Date posted: May 21, 2013
An international conference entitled “Islam, Science and Scientism” initiated by Prof. Salim Ayduz took place at British Muslim Heritage Center in Manchester, April 27-28. Participants from a large number of countries including the United States, England, Germany, the Netherlands, Turkey and Iraq, Saudi Arabia and Egypt attended the event. They gave speeches offering insights into whether or not Islam is at odds with science and scientism.
In his opening speech, American professor Robert Morrison discussed how science is influenced and reflected in tafsir (exegesis), with reference to the history of Islamic tafsir. He noted, in this regard, that Islamic civilization made a huge scientific progress particularly short after the advent of Islam which was reflected in tafsir starting from the early periods. In the last part of his speech in which he elaborated on the issue by presenting examples from the early and late period tafsir, he underscored that no one today does a close reading of the subject, as detailed as Fethullah Gulen and Said Nursi did. Morrison went on to say Said Nursi, in particular, is not getting the appreciation he deserves and that no other contemporary Islamic scholar is equally discussing science and scientism in detail. Noting that Said Nursi and Fethulah Gulen have introduced noteworthy interpretations with regard to Darwinism, Ayduz cited examples from 23rd Flash on nature, from Risale-i Nur collection. He concluded his presentation arguing that these two scholars’ views on the issue need proper analyses. The other speakers of the two-day conference as well presented analyses from multiple perspectives.
Another day-one speaker Dr. Hasan Horkuc started off his remarks from “Islam, Science and Scientism and Nursi” perspective. Affirming that Said Nursi is not fully appreciated even in today’s world, he thanked Prof. Morrison for putting emphasis on the issue. Next, he delivered a detailed presentation elaborating on Said Nursi’s struggle against various forms of science or scientism converted into a sort of religion or theology. He further said scientism in modern times is referred to as various names mainly such as positivism, Darwinism, materialism and naturalism. He stressed that Said Nursi is not at odds with psychics, chemistry, biology sciences-which are indeed manifestation of God’s various names, and that, unlike his contemporaries, he studied modern sciences and philosophy as a part of his education and asserted problems of Islam in our age cannot be addressed without contributions of modern sciences, philosophy and the science kalam (discipline of seeking theological knowledge through debate and argument, literally, meaning “word”)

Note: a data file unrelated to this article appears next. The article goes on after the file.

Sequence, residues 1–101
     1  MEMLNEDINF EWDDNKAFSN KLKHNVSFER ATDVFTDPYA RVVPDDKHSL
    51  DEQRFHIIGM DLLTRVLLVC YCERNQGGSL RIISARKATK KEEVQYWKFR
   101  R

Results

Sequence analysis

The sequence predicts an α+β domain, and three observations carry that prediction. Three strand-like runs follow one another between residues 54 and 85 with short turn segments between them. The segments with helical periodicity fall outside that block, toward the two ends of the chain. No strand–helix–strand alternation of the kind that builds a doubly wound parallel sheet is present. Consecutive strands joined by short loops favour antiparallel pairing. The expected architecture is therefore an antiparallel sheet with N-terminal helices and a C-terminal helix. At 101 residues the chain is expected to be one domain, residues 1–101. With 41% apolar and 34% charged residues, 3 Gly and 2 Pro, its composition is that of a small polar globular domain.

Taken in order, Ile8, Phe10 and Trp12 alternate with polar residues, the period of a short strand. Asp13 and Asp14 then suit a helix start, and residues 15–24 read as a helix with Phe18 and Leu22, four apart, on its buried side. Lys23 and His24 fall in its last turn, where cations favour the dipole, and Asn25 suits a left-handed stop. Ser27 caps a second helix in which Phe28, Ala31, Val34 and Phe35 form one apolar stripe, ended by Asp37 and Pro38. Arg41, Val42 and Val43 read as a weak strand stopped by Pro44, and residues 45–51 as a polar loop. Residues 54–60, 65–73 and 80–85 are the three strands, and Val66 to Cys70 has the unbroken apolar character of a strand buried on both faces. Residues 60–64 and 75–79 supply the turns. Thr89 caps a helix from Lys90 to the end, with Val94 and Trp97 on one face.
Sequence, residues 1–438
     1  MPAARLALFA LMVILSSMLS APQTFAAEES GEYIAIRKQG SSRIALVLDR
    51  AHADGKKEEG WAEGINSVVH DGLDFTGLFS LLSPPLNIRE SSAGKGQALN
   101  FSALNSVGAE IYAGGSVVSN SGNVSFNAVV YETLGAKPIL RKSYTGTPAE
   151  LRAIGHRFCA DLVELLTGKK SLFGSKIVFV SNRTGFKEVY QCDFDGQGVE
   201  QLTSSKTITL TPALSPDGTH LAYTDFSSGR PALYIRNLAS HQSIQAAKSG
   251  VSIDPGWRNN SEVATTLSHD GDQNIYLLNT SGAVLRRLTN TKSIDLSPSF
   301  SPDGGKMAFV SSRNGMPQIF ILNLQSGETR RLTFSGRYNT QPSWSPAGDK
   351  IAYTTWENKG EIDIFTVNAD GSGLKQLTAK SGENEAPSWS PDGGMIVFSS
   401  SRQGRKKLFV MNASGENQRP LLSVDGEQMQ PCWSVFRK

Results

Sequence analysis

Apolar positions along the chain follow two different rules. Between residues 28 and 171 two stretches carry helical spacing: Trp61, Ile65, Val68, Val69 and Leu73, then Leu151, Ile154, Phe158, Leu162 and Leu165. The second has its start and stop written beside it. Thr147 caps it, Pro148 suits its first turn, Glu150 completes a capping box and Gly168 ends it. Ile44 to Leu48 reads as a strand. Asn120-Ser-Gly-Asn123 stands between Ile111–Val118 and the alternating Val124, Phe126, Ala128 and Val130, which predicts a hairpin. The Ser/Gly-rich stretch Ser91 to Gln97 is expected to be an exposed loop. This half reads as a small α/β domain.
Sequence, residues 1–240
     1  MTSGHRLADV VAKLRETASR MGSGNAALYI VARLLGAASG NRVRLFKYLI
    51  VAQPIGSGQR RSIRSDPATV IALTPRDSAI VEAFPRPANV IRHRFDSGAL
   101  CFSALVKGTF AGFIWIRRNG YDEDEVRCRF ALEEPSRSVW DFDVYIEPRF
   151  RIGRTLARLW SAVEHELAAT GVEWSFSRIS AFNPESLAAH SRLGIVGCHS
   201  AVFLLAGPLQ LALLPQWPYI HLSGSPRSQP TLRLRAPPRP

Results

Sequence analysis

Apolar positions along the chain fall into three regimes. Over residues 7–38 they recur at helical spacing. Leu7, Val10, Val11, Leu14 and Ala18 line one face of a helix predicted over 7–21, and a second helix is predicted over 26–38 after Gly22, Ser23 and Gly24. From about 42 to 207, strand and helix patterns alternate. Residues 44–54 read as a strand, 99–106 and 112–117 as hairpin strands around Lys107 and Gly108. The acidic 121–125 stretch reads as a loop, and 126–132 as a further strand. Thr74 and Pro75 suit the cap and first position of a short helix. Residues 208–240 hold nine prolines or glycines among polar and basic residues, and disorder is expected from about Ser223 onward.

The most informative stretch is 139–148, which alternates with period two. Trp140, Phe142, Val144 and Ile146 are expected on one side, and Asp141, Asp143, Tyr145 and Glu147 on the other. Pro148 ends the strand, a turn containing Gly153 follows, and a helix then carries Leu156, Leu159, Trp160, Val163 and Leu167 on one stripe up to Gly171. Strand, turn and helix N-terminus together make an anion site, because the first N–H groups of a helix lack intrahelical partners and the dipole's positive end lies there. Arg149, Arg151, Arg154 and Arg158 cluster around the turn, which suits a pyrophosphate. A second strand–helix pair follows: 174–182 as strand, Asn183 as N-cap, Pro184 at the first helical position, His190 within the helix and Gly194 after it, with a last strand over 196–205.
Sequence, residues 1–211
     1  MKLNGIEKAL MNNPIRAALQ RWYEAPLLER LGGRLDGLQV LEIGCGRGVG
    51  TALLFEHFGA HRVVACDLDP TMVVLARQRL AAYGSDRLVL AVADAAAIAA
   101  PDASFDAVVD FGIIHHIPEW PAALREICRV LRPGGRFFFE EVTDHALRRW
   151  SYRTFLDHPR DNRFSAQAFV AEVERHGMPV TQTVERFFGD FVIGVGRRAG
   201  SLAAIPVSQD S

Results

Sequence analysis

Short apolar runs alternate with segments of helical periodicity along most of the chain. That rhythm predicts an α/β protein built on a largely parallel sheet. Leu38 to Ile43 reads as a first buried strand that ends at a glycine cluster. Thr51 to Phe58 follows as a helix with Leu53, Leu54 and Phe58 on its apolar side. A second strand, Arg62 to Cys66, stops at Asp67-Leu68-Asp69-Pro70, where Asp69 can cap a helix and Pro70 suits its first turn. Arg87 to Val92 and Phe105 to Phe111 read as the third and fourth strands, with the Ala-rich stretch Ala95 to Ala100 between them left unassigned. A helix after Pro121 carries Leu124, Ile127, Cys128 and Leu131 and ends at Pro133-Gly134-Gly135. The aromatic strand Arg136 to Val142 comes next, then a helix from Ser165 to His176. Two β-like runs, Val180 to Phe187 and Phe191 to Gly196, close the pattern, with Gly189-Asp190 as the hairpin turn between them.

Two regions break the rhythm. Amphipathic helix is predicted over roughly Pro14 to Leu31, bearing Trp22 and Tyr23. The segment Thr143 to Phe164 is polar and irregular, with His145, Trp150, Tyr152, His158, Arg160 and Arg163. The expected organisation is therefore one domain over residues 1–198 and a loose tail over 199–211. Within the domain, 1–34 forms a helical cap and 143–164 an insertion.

Horkuc further detailed that Said Nursi is not against religion but forms of scientism that evolved into a religion or theology, by citing quotes from Said Nursi and examples from his books. Following his speech, Horkuc received notably positive feedbacks from the audience some of whom demanded the record of his speech. They commented that Said Nursi’s approach is comprehensive and definitely a project. Some, on the other hand, unfortunately-as Horkuc puts it-said they are not familiar with Said Nursi and inquired how and where they can obtain the pieces by this Islamic scholar with such thought-provoking interpretations. Horkuc said a Risale-i Nur Studies program has been available at Durham University for years and added, “The truth is that even the Muslims in England are not truly familiar with Nursi.” Presentations were scheduled to continue on day-two.